When It Comes to Eating Turmeric, How Much Is Just Right?

We have the answer.

how much turmeric per dayPhoto Credit: Shutterstock / Thanthima Lim

Folks in places like India have valued turmeric for millennia, but here in the West, we’re just catching on. Made from dried plant roots, turmeric powder is bright golden-yellow with a warm, bitter taste, and is a major ingredient in many curry recipes.

Why is turmeric so popular?

According to the National Institutes of Health (NIH), turmeric has long been used in Ayurvedic medicine to help with pain, fatigue, rheumatism and breathing problems. Issues that we now know are alleviated by curcumin, a main ingredient in the plant.

Today, turmeric is trending as a dietary supplement and potential preventative/treatment mode with regard to a variety of conditions, including arthritis, diabetes, heart disease, cancer treatment and prevention, Alzheimer’s disease, colitis and various other inflammatory conditions.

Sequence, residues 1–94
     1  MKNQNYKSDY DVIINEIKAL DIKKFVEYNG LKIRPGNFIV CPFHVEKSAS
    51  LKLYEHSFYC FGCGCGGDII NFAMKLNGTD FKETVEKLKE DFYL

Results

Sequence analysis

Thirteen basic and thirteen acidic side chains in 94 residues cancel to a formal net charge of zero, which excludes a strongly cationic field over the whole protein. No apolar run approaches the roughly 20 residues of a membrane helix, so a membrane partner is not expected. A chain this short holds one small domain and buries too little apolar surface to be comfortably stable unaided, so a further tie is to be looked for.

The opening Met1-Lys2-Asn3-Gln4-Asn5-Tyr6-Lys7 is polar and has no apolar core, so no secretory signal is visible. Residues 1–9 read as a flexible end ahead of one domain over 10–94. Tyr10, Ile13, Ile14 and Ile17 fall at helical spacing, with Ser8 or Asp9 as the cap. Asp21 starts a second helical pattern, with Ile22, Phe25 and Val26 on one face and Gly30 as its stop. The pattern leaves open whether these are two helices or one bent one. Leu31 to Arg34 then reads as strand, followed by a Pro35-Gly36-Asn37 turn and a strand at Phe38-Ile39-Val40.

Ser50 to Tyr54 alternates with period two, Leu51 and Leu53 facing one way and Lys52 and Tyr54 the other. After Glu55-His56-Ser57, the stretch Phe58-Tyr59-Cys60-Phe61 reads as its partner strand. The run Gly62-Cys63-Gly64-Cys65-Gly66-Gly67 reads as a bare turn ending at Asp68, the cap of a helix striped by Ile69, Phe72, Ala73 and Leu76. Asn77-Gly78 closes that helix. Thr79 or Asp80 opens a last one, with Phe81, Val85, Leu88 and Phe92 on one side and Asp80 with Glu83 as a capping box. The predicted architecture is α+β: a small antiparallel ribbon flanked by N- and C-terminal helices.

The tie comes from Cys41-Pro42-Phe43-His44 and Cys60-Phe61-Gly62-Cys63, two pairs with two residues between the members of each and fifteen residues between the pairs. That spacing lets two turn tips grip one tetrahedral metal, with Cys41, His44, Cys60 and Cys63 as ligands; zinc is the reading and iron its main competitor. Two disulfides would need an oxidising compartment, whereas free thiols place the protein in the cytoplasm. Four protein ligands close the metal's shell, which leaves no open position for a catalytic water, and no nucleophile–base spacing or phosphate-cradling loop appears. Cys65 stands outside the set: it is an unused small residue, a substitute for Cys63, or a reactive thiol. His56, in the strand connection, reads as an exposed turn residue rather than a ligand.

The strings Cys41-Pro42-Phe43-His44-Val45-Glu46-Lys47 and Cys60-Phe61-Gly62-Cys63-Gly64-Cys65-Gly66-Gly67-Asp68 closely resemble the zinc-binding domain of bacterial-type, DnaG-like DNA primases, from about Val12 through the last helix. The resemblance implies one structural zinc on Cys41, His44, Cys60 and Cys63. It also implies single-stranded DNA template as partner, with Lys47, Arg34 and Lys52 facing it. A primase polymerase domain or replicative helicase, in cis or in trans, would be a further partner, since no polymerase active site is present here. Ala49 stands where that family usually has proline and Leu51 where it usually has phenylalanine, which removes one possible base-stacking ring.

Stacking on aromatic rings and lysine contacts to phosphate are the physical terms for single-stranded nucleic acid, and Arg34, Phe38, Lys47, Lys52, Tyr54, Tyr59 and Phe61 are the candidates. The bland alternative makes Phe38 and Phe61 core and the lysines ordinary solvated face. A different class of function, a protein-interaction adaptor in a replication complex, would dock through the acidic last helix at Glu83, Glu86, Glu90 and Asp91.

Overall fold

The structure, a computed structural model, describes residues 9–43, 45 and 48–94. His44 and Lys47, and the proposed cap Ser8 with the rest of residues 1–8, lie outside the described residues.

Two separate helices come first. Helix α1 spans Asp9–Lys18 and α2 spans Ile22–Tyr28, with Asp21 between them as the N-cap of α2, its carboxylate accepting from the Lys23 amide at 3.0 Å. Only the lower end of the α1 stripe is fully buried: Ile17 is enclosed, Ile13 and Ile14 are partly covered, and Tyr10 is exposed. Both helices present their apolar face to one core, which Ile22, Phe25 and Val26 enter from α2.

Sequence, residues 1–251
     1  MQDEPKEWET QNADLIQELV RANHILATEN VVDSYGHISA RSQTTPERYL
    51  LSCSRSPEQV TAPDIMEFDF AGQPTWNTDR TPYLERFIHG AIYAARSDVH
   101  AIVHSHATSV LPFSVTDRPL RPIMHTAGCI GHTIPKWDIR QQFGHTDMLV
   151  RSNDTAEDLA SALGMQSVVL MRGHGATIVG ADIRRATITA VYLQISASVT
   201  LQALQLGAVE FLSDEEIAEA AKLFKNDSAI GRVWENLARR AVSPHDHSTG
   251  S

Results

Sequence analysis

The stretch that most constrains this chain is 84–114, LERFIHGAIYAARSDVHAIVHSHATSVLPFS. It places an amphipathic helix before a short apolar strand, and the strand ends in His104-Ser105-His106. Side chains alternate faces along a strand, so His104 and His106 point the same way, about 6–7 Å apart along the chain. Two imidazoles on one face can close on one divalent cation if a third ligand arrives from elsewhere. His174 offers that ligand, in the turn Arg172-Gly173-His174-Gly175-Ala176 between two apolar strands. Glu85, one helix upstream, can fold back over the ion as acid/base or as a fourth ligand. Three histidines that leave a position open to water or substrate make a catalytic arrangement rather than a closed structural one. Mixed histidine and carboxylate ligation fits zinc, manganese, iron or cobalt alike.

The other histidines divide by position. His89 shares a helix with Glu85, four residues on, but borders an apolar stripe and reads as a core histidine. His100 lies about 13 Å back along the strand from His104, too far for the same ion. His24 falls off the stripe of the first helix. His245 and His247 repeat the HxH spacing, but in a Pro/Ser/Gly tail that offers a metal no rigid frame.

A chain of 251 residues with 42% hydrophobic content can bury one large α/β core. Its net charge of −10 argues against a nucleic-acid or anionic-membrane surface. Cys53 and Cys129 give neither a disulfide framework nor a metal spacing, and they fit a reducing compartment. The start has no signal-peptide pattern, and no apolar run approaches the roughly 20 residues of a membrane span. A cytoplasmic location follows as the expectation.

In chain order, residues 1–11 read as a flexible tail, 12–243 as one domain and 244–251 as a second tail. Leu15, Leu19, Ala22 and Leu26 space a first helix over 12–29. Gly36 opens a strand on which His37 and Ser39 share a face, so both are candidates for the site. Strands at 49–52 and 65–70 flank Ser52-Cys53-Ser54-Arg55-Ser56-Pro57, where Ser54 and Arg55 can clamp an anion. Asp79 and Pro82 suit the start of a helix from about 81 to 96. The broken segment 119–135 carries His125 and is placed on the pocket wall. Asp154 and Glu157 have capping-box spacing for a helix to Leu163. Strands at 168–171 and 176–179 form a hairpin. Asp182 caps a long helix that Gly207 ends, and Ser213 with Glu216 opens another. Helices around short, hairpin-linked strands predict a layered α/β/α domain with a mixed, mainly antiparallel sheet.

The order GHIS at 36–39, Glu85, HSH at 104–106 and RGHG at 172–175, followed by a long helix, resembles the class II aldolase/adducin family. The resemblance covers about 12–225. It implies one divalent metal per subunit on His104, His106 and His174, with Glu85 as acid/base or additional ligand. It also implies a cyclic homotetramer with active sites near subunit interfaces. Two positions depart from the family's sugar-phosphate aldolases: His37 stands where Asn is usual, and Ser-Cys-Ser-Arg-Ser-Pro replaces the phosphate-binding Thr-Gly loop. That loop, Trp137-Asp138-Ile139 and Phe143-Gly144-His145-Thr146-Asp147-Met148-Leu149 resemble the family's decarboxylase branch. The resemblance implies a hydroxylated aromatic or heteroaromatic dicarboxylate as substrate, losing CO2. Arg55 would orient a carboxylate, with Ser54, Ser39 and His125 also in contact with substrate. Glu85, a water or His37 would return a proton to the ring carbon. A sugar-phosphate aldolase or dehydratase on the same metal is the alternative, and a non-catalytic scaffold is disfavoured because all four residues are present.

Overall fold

But how much turmeric per day is healthy?

Turmeric is considered safe as an ingredient in food, and even in beauty treatments, but high doses and long-term use may cause gastrointestinal problems. In addition, its main ingredient, curcumin, can act as a blood thinner, which means that it is not an ideal supplement to take if you’re on prescription blood thinners or if you’re about to have surgery. No standard recommended dosage has been established as of yet, which is why the NIH recommends that you check with your own health care provider if you want to move from simply cooking with turmeric to taking turmeric or curcumin supplements.

That being said, Dr. Bindiya Gandhi, a certified physician at American Board Family Medicine, recommends 400 to 600 mg of turmeric up to three times per day, as tolerated. If you’re thinking of using turmeric root, itself, as a supplement, Dr. Gandhi recommends a cut-root dose of 1.5 to 3 mg per day. Enjoy an easy, creamy turmeric latte as part of your evening or morning routine.

Just keep in mind, turmeric supplements haven’t been studied in children under the age of 15, so talk to a pediatrician before starting a regimen. (The key word being “supplement,” because including it as an ingredient in foods is generally considered perfectly fine.)

Next, read up on the power of curcumin.

Taste of Home
Originally Published on Taste of Home